Chef at the table

Paulo Mon­teiro

DNA Magazine (Portugal) - - Table Of Contents -

Ev­ery client who vis­its one of the ho­tels in the Dis­cov­ery uni­verse, re­gard­less of whether they are De­sign Col­lec­tion, Ho­tels & Re­sorts or Vil­las & Apart­ments, will un­doubt­edly have a unique ex­pe­ri­ence in ev­ery prop­erty. All our units work with gen­uine prod­ucts and lo­cal DNA. We are a restau­rant with a ho­tel and not a ho­tel with a restau­rant, start­ing with a home-made break­fast, freshly caught seafood, first-rate cured meats, and veg­eta­bles from our own kitchen gar­den, among other as­pects.

Is there a com­mon strat­egy or is each unit com­pletely dis­tinct?

There is a com­mon strat­egy for all the units, i.e. work­ing to sat­isfy clients and to al­ways pro­vide mem­o­ries and gas­tro­nomic ex­pe­ri­ences. Not only that, we strive to en­sure that clients al­ways feel the de­sire to re­turn. After all, we work for our clients.

The À TERRA res­tau­rants have been very well re­ceived. What is the se­cret of this suc­cess?

Yes, that's true. Our À TERRA res­tau­rants re­ally have been very well re­ceived and it is all due to the strict stan­dards we im­ple­mented right from the out­set in terms of choos­ing all the prod­ucts, fa­vor­ing lo­cal pro­duce and stor­ing them prop­erly. We col­lect recipes from each re­gion, pre­pare them and in­tro­duce them to our menus, treat­ing each in­gre­di­ent with re­spect and mak­ing the most of ev­ery one of them, work­ing in a sim­ple, tra­di­tional and rus­tic but so­phis­ti­cated man­ner.

De­spite strong lo­cal ties, the cui­sine served at À TERRA mainly has a Mediter­ranean fla­vor, with new ap­proaches to rus­tic and tra­di­tional fare. Are there any plans to ex­plore other paths or cre­ate an­other restau­rant brand?

When you have a strong brand in the mar­ket like the one we cur­rently have, we nat­u­rally look to im­prove it even fur­ther, with ded­i­ca­tion and a de­sire to cre­ate new ways of sat­is­fy­ing our clients, such as by cre­at­ing points of ref­er­ence in each unit, shar­ing ex­pe­ri­ences with our lo­cal pro­duc­ers, shar­ing know-how and knowl­edge, al­ways look­ing for nov­el­ties which are ca­pa­ble of sur­pris­ing. The im­pres­sion that ho­tel res­tau­rants are only open to ho­tel guests still per­sists? What do you do to en­cour­age clients who are not ho­tel guests to visit the res­tau­rants?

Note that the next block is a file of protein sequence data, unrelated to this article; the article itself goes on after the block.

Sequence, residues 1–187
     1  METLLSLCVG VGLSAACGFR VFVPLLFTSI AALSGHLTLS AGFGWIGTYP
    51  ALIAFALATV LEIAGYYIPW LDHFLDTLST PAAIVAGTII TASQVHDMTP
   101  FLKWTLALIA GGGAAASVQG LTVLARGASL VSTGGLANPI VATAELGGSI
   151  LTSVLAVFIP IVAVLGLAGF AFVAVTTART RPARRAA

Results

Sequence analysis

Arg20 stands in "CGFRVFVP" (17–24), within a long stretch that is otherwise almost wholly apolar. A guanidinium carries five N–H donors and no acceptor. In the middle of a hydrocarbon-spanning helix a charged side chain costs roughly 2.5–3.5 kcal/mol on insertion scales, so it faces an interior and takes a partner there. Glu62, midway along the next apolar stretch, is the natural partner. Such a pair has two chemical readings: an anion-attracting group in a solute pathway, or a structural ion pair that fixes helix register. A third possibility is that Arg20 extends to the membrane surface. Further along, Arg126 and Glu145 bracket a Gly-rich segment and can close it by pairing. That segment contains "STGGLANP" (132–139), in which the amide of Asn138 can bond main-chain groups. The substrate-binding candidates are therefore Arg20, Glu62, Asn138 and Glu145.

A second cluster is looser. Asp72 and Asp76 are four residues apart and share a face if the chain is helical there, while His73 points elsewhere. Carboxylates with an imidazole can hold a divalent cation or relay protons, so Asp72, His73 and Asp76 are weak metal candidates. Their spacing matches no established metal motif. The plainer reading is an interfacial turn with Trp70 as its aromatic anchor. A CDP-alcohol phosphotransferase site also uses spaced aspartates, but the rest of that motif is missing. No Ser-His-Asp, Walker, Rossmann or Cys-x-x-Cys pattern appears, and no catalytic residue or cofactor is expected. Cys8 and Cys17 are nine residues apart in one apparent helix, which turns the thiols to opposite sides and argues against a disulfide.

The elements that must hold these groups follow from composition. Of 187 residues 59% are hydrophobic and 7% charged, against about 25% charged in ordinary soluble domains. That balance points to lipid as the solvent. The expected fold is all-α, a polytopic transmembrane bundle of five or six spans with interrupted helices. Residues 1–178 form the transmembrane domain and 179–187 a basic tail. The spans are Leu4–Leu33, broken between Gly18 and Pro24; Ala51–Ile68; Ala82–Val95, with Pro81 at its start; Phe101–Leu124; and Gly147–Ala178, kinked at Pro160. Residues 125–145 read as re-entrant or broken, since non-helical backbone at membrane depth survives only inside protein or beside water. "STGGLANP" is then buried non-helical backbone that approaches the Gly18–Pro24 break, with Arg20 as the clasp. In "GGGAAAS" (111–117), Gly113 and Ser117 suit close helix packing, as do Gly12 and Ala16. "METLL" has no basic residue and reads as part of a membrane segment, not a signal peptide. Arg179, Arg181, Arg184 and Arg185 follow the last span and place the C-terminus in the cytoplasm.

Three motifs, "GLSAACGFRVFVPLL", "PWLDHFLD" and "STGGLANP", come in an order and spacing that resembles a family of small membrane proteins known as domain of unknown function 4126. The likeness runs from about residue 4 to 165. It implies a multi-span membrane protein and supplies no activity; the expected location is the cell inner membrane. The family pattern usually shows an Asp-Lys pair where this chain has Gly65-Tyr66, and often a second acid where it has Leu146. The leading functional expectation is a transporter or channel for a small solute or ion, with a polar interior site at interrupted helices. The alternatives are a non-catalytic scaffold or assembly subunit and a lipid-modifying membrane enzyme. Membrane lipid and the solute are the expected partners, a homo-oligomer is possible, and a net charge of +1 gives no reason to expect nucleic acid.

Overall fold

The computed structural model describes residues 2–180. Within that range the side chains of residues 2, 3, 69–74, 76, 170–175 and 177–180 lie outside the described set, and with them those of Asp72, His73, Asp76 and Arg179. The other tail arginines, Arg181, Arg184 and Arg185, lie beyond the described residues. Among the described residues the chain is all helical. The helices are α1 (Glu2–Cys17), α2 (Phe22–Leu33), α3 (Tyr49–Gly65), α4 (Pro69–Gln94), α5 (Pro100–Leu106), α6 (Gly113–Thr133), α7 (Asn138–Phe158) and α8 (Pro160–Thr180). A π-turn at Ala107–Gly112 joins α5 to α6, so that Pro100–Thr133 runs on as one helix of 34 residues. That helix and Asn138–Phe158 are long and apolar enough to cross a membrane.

Yes, it's true that im­pres­sion still per­sists, but in­creas­ingly less so. We have worked very hard to pub­li­cize what we do, what we have to of­fer and to show that the ho­tel is for any­one who wishes to en­ter. One of our pri­or­i­ties, when­ever pos­si­ble, is to have an en­trance door for the restau­rant which is in­de­pen­dent of the ho­tel re­cep­tion.

What can you tell us about restau­rant and cui­sine trends in com­ing years? Any­thing new?

Res­tau­rants are a very dif­fer­ent world, one which is con­stantly chang­ing. We are al­ways cre­at­ing and seek­ing new meth­ods and tech­niques since ev­ery­thing changes very swiftly in the world of cui­sine. To­day we might think this is the best way of cook­ing one prod­uct or an­other and to­mor­row a new tech­nique could emerge which shows us that the same prod­uct can be dif­fer­ent and much bet­ter. The ques­tion to ask is, "How did we cook in the past, how do we cook nowa­days and how will we cook in the fu­ture?". We have to rein­vent our­selves ev­ery day since we are in a pro­fes­sion in which we are judged all the time and what we feel is pre­sented on the plate placed in front of our cus­tomers.

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